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Real Estate Council Report: New homes coming to north, south, west as city grows

Council Report: New homes coming to north, south, west as city grows

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It’s simple, really, as Fort Worth grows, so does the need for more housing. With that in mind, it was a busy night on Sept. 11 for the Fort Worth City Council as they addressed several agenda items connected with housing growth in the area.

In a recent population tally, Fort Worth, with 874,168 residents, is ranked 15th in the nation. The area is nipping at the heels of Columbus, Ohio (879,170), San Franciso (884,363), and Jacksonville, Florida (892, 062).

“You think of 100 people a day are moving to Fort Worth, and these are needed, more single-family homes,” said District 6 Councilman Jungus Jordan.

WESTPOINTE IN THE SOUTH

The city council, at its Tuesday meeting, cleared the way for Westpointe, a single-family subdivision with a large retail corner at Bailey Boswell Road. The rezoning request, from Boaz Holdings, LP, was for the 5600-5700 and 9400-9900 blocks of Park Drive.

“It’s not a bad layout. It’s a little higher density than I’d like,” District 7 Councilman Dennis Shingleton said. “It’s got some un-annexed areas above it that are large properties. We need a buffer there.

“It’s going to take several years to build this out. It’s part of that sprawling growth we can’t stop.”

The property is located north of West Bailey Boswell, south of Park Drive, and east of Boat Club Road. The area is primarily comprised of vacant land and an active gas well. The applicant is proposing 19 lots on the northern edge for one acre lots, 417 lots for one-family, and approximately 29 acres for commercial and mini warehouse development.

The majority of the property will be completing the annexation process through an owner-initiated annexation of approximately 137 acres. A few acres of the development are currently in the city limits and zoned agricultural.

HAPPY TRAILS COMING TO HULEN

What was once farmland will soon be filled with houses, make that more houses, in the South Hulen area.

The city council approved a zoning change at the sites of 1450, 10301, and 10601 W. Cleburne Crowley Rd., along with 10700 Old Cleburne Rd. The change, an owner-initiated annexation by Crowley 272 Joint Venture, will allow for one-family and neighborhood commercial use.

The property, approximately 281 acres, is located west of Cleburne Crowley Road and south of Old Cleburne Road. The area is primarily comprised of rural single-family lots and vacant lots. The rezoning will prepare the property for development of a single-family subdivision known as Hulen Trails with around 1,061 lots.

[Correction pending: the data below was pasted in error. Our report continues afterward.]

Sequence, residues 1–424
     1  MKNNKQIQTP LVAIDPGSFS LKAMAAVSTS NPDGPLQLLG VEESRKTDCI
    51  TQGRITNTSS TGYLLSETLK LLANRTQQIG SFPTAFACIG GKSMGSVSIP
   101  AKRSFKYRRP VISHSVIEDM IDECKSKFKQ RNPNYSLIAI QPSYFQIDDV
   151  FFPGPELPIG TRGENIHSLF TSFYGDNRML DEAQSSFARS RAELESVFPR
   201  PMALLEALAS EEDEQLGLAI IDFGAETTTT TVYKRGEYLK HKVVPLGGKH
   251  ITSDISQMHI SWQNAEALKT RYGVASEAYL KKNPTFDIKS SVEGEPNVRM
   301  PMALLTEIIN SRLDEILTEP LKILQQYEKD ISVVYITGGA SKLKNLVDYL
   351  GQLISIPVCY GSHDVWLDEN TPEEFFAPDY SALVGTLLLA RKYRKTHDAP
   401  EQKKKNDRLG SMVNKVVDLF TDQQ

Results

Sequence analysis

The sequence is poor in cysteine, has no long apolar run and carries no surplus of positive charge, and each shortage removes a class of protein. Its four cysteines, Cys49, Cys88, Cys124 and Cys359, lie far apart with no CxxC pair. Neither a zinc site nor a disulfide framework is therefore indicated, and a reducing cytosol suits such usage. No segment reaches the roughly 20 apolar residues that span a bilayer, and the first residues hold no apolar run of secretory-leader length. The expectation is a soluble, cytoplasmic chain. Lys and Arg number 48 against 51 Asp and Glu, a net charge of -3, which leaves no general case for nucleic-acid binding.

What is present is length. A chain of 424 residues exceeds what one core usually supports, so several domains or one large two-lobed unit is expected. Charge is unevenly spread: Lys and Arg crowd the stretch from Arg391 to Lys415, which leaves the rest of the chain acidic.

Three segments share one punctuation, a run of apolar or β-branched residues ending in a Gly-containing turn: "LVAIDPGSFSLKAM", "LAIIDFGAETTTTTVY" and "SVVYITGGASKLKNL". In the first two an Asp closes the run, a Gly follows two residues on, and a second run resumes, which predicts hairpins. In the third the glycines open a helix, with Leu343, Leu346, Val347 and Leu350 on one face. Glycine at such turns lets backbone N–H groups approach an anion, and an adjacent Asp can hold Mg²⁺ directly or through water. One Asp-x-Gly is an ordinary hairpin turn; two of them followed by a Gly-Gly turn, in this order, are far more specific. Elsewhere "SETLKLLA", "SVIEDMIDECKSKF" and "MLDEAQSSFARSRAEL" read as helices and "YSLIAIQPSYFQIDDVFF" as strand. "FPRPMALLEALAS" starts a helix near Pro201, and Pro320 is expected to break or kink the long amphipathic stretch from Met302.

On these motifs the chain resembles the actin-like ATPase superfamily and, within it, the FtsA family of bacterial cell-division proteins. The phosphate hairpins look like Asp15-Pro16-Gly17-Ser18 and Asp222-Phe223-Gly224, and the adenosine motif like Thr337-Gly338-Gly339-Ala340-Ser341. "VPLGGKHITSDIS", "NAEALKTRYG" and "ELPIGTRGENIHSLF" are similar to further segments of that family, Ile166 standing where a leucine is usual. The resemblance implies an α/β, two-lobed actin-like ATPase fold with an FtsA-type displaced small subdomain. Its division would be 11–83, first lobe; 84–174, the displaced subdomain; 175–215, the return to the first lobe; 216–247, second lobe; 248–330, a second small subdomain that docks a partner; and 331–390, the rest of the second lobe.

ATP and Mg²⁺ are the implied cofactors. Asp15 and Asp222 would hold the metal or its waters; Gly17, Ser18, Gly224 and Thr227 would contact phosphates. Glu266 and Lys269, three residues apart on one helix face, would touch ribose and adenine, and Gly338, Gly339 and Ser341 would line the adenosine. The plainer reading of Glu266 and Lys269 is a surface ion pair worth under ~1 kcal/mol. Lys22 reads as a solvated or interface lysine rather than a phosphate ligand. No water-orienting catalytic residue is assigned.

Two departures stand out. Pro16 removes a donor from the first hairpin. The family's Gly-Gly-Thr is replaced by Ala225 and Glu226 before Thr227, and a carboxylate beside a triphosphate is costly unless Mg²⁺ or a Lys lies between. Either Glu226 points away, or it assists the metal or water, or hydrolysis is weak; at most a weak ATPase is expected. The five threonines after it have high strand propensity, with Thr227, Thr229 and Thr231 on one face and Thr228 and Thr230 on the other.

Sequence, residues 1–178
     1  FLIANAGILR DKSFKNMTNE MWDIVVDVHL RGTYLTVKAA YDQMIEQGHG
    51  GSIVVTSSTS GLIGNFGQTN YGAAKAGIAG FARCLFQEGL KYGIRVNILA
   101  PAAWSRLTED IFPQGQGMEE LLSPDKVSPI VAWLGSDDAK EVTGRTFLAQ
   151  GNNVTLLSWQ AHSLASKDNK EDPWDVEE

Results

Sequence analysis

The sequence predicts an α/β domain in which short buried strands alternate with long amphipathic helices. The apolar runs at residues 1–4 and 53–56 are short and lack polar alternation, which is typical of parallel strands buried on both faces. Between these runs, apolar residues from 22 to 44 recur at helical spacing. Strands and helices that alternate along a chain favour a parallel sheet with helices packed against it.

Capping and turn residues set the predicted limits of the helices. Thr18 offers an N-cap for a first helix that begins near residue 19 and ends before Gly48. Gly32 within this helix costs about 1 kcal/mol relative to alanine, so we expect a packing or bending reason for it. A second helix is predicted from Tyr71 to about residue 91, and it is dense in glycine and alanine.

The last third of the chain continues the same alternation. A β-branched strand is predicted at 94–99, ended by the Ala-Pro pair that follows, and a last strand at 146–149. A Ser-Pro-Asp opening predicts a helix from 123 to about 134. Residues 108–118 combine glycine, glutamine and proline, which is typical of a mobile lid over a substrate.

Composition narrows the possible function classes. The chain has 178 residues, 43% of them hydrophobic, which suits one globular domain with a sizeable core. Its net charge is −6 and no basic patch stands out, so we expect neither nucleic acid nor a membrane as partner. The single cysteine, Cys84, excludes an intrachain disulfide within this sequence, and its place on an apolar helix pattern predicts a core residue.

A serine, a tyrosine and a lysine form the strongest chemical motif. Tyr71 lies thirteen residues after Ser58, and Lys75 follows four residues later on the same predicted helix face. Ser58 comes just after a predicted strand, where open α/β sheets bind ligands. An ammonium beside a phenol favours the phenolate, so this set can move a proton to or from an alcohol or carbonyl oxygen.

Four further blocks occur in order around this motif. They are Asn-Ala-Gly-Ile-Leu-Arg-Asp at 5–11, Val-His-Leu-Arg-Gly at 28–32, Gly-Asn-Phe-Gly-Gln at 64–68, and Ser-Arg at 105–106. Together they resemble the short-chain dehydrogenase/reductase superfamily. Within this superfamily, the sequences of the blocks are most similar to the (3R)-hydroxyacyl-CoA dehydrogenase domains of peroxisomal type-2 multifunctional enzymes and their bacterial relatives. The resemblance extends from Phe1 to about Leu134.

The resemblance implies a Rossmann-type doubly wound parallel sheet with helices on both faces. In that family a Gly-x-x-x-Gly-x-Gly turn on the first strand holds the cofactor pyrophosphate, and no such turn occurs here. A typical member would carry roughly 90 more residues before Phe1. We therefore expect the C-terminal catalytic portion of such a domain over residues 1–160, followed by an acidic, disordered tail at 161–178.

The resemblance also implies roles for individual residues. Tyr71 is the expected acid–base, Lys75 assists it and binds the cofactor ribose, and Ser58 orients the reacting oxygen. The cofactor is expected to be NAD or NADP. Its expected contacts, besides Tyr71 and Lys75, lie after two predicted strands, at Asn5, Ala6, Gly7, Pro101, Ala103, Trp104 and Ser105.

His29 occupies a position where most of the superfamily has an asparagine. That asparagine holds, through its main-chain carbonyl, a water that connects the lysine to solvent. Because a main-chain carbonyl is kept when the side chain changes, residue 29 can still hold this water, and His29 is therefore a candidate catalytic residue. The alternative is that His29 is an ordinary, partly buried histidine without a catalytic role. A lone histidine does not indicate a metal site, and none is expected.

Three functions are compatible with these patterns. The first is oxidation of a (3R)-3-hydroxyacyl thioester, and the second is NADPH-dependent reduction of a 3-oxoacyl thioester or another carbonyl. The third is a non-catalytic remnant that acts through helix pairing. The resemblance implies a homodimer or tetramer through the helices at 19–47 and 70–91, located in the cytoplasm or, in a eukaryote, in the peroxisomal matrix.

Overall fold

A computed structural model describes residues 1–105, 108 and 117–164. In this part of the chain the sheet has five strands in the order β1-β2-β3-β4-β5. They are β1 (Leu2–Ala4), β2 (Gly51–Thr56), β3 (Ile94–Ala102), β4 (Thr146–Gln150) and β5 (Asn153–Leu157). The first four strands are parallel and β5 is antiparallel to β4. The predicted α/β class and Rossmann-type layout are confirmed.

“The owner is wanting to come into the city for development, and it’s more fitting for what they want to do. And I’m sure it’s going to draw more people to our city,” District 6 Councilman Jungus Jordan said.

Jordan also told the council, “The owner thinks Fort Worth is the greatest city on earth and wants to be a part of it.”

Jordan noted that the property has previously been farmland. It is near the Crowley School District, and not far from the Tarleton State University campus in that area, along with being near the popular Chisholm Trail Parkway.

“The owner decided it’s more advantageous to be in the city, and it actually helps us because that piece of property has been what we call a doughnut hole,” Jordan said. “It’s a win-win for everybody.”

LITTLE HOUSES IN THE COWTOWN

Not all big construction projects involve big buildings.

Among the home projects approved by the city council was a zoning request by McKelvey-Cole, LP for a detached multi-family/cottage community over a site of about 20 acres in the 1100-1200 blocks of Highway 114.

The property is located on the southern side of Highway 114, east of the BNSF railroad. The cottage community will include multiple individual, separate structures. This is considered multifamily because all of the homes are located on one lot, the units share

community space, and there is a leasing office on site.

“It’s kind of a new concept, upscale high-quality rental houses,” District 7 Councilman Dennis Shingleton said. “I’ve seen pictures of it. There’s one in Dallas. They’re individually housed with separate buildings, but there’s basically zero lot lines.”

The proposed development consists of 227 detached dwelling units, each with a back yard. There is a mix of one-, two-, and three-bedroom units, with two-bedroom units making up 41 percent of the unit count.

Some garages and carports may be provided, but otherwise all parking is in lots accessed through private driveways internal to the development.

“They’re good for a young family, or someone older who wants to near their kids or family,” Shingleton said. “They’re not big homes, but they’re very nice.”

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